Overall statewide human water demand in the High Efficiency scenario declines by 10 billion m3, a reduction of about 20% from California’s total human water use in 2000, due to significant improvements in both urban and agricultural water use.

The Pacific Institute’s High Efficiency scenario does not exhaust California’s opportunities for improving water efficiency. Additional savings are possible if farmers continue the trend of moving away from water-intensive crops like cotton, pasture, rice, and alfalfa in favor of more valuable low-water crops like vegetables, fruits, and nuts.

The report also does not factor in future advancements in residential, commercial, and industrial technologies that will save even more water in our cities, though recent trends suggest that California is already moving in this direction.

Scenarios are not predictions, rather, they are tools to show the choices and options available to us, and the paths we might pursue. While the High Efficiency scenario suggests that an efficient future is possible, California’s future depends upon the water policies implemented over the coming years.

This requires choices on the part of legislators, water managers, water districts and agencies, farmers, corporations, and residents. In order to move along a water efficient path, water planners need to update their long-held conceptions of what is possible.

Government subsidies must be restructured to encourage conservation and efficiency. Utilities and policymakers need to encourage residents to replace old, inefficient appliances with new, efficient ones.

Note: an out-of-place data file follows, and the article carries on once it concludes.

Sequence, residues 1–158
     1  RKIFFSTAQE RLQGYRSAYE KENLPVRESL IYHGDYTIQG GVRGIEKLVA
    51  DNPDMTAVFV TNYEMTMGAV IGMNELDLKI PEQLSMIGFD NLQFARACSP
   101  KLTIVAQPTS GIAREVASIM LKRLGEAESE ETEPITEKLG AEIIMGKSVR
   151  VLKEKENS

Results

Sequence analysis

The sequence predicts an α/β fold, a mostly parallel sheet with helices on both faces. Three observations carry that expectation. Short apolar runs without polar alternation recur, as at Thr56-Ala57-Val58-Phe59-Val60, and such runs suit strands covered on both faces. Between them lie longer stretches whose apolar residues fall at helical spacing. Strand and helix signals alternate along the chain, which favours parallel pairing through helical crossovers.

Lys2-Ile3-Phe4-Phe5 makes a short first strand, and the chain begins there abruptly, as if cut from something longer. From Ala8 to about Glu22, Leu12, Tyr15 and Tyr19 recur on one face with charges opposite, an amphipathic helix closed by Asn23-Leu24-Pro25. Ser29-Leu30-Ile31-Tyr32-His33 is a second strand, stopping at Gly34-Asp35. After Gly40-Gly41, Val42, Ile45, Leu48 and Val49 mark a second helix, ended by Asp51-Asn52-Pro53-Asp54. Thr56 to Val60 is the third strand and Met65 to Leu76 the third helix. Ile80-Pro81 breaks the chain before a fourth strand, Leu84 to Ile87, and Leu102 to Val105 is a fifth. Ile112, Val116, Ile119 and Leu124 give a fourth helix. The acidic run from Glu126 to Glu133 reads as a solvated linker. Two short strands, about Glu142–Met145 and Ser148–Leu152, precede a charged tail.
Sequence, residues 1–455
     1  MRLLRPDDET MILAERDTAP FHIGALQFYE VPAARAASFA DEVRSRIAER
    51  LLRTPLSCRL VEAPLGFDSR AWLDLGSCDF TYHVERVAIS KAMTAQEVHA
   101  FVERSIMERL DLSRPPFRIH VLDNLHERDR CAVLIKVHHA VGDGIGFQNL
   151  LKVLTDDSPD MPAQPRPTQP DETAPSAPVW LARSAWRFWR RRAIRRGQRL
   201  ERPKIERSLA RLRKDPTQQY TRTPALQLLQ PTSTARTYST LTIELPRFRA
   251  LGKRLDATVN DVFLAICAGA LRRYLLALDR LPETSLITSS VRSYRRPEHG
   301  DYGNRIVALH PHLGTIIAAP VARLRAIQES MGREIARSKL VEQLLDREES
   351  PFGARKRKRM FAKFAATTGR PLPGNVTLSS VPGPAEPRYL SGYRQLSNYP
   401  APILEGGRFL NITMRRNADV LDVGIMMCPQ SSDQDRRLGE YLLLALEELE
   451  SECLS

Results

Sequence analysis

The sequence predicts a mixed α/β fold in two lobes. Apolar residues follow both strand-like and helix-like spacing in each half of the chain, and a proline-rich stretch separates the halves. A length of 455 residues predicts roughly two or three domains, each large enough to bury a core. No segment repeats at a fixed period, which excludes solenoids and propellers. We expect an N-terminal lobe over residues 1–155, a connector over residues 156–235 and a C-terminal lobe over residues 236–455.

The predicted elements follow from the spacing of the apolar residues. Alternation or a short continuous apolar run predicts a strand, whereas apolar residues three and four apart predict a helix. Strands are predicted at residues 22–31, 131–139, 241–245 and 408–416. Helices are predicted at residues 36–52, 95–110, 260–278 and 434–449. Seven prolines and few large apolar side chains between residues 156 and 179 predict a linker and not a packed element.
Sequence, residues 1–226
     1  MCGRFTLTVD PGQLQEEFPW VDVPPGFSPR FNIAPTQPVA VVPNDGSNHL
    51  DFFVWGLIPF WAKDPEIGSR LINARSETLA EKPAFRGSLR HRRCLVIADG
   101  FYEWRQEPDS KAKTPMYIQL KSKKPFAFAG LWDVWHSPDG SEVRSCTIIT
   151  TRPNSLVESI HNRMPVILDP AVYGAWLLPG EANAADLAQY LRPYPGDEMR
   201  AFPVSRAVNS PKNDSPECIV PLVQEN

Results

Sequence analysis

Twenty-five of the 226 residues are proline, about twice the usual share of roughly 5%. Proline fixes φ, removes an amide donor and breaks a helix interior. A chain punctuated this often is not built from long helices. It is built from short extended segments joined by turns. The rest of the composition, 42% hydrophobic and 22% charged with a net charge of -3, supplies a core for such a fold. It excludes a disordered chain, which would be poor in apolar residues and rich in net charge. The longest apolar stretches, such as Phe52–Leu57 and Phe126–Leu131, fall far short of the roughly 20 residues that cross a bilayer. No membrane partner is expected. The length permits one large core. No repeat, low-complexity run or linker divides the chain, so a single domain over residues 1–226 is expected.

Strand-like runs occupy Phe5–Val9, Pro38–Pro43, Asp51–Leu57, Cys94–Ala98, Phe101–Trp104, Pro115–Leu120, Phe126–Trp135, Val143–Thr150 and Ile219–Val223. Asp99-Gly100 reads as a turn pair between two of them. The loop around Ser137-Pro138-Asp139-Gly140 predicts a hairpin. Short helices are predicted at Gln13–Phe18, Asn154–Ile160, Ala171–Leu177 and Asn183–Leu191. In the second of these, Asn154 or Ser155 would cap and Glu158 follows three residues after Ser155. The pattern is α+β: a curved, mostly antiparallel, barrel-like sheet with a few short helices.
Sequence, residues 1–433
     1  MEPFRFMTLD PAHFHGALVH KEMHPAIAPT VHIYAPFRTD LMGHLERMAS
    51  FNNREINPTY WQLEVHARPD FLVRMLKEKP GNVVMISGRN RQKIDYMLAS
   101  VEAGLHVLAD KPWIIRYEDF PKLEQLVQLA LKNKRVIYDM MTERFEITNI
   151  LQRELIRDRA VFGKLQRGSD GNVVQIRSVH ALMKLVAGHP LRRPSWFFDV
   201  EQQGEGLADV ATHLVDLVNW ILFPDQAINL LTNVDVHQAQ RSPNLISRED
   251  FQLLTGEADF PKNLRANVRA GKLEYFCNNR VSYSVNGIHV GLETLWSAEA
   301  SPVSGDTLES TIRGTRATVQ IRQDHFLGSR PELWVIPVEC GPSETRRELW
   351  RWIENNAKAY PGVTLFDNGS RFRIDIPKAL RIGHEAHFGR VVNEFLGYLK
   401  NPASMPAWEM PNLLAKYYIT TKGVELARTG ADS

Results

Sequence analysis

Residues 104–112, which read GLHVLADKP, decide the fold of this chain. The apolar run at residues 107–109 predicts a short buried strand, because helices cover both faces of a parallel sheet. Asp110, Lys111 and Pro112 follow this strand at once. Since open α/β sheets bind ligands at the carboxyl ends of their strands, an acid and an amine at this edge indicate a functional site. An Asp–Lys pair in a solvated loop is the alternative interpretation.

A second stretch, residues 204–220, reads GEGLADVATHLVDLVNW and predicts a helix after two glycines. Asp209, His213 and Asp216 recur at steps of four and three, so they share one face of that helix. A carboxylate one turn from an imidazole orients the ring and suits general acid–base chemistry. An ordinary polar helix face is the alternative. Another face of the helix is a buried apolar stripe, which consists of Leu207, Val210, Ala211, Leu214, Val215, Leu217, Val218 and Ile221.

However, Californians do not have to sacrifice their health, economy, or environment to meet future water demands. While the Pacific Institute’s analysis focused on California’s future water use, the conclusions are relevant nationally and internationally.

Sensible levels of water-use efficiency can be enormously effective in moderating demand and reducing the need to identify and provide new supplies. Experience in California, the US and throughout the world, has shown that efforts to improve water-use efficiency are consistently successful and cost-effective.

If all the time, money, and thought that goes into developing new water supplies were instead put into designing water-conservation and efficiency technologies, rate designs, and implementation strategies, water use would look far more like the Institute’s High Efficiency scenario. This future is likely to be better for all people and their environment.

California Water 2030: An Efficient Future is available from the Pacific Institute and downloadable free from the website.